Power in Venezuela is slipping away from state institutions and concentrating in the hands of criminals, guerrillas and other non-state actors. Any new negotiations between government and opposition must consider how to defang these armed irregulars, who might otherwise scuttle an eventual settlement.
The standoff between Venezuela’s government and opposition has reached a worrying juncture, with negotiations falling apart, side deals emerging and regional states rolling out new sanctions on Caracas. Resuming the talks is the safest path to an exit from the country’s ever deepening crisis.
The struggle over Venezuela’s political future will likely turn on the armed forces’ disposition: the top brass could ease or thwart a move away from President Nicolás Maduro. Sponsors of transition talks should include military representatives in the discussions sooner rather than later.
The UN General Assembly kicks off on 17 September amid general scepticism about the world body’s effectiveness in an era of rising great-power competition. But the UN is far from paralysed. Here are seven crisis spots where it can make a positive difference for peace.
A discreet Norwegian diplomatic effort represents the best hope for breaking Venezuela's political deadlock. To stop the country’s slide into humanitarian and economic catastrophe, pragmatic backers of both government and opposition should put aside empty hopes of outright victory and support a negotiated settlement.
If the virus were to take off in Venezuela, and the country were not to receive a huge injection of international support, it would face an absolute disaster.
If you’re going to cause the collapse of [the Venezuelan] government in the middle of a pandemic, then you will be responsible for instilling chaos.
Maduro is essentially calling Trump’s bluff. Maduro has essentially concluded that the military option is a very remote possibility.
The Maduro team doesn’t want to talk to [the opposition] and doesn’t trust them. They think they will all end up in jail or strung up from lampposts.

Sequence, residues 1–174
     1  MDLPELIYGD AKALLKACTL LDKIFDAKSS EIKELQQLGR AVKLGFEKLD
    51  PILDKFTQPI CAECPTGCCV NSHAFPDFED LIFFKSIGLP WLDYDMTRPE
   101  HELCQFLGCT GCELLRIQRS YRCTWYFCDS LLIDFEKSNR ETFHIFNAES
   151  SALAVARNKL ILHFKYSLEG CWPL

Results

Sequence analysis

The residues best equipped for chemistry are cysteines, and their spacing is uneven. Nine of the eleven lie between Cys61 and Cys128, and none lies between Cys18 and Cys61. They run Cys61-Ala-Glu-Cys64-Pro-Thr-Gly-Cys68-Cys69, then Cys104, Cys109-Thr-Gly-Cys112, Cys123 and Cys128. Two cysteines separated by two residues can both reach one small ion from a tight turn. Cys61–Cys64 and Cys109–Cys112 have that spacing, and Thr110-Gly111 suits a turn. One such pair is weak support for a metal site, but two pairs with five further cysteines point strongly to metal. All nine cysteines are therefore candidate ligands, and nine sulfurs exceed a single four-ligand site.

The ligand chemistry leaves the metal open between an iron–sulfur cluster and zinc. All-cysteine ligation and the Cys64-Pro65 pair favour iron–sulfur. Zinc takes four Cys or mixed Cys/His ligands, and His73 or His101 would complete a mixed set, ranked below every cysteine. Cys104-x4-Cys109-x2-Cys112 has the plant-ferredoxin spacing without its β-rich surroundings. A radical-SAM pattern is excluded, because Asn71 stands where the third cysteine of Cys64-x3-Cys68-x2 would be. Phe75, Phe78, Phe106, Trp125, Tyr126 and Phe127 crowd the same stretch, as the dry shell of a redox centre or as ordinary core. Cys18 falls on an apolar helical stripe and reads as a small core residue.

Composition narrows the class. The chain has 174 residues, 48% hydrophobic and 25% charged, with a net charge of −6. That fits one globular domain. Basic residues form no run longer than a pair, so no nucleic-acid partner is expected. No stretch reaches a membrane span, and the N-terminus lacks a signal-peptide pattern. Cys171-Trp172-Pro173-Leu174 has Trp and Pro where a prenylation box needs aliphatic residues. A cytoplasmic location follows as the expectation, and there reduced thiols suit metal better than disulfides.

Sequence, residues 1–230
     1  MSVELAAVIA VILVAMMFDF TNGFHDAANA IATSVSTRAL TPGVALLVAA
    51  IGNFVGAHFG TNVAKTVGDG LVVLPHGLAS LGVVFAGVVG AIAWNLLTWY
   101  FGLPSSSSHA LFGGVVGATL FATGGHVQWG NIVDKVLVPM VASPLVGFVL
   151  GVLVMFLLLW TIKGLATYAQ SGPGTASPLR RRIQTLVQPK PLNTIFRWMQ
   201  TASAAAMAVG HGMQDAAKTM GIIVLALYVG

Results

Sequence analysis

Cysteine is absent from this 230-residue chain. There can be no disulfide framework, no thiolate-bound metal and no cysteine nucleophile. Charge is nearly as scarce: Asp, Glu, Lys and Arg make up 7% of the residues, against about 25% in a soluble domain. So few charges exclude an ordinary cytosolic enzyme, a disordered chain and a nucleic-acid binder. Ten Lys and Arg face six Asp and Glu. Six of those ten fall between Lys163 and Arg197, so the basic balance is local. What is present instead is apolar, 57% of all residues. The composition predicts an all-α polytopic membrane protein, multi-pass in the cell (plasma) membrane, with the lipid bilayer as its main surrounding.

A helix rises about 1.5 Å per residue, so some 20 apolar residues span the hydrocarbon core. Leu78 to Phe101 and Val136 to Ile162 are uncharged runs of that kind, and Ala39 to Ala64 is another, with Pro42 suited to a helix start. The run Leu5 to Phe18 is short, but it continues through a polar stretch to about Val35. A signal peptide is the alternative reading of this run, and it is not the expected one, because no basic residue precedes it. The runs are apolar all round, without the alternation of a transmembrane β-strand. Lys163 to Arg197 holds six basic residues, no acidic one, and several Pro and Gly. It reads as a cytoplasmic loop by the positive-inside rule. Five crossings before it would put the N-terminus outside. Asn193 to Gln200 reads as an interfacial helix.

[Miners in Venezuela] are severely at risk of being shot dead: Mining communities have phenomenally high homicide rates, even by the extraordinary high levels that we see in the rest of Venezuela.
People [in Venezuela] are moving to the countryside because you can more or less survive if you have a small plot of land and access to your own produce.
The government of Nicolás Maduro has seized control of Venezuela’s parliament, robbing the opposition of its platform for negotiating a way out of the country’s political crisis. An already long, damaging conflict could drag on if outside powers cannot persuade the government to reverse course.
In Caracas, International Crisis Group asked government officials, opposition activists and political analysts alike to speak to camera about their views on how to resolve Venezuela's catastrophic political and humanitarian crisis.
Gold and migrants stream across the stretch of the Cuyuní river that marks the Guyana-Venezuela border. Guerrillas and criminal organisations control much of the flow. Their turf wars are already spilling over and could intensify if foreign powers intervene to topple Venezuelan President Nicolás Maduro.
Talks to resolve Venezuela’s impasse collapsed on 15 September only for the government to announce a deal – with a different set of opponents. In this Q&A, Crisis Group Senior Andes Analyst Phil Gunson explains what these developments mean for the country’s political and socio-economic crisis.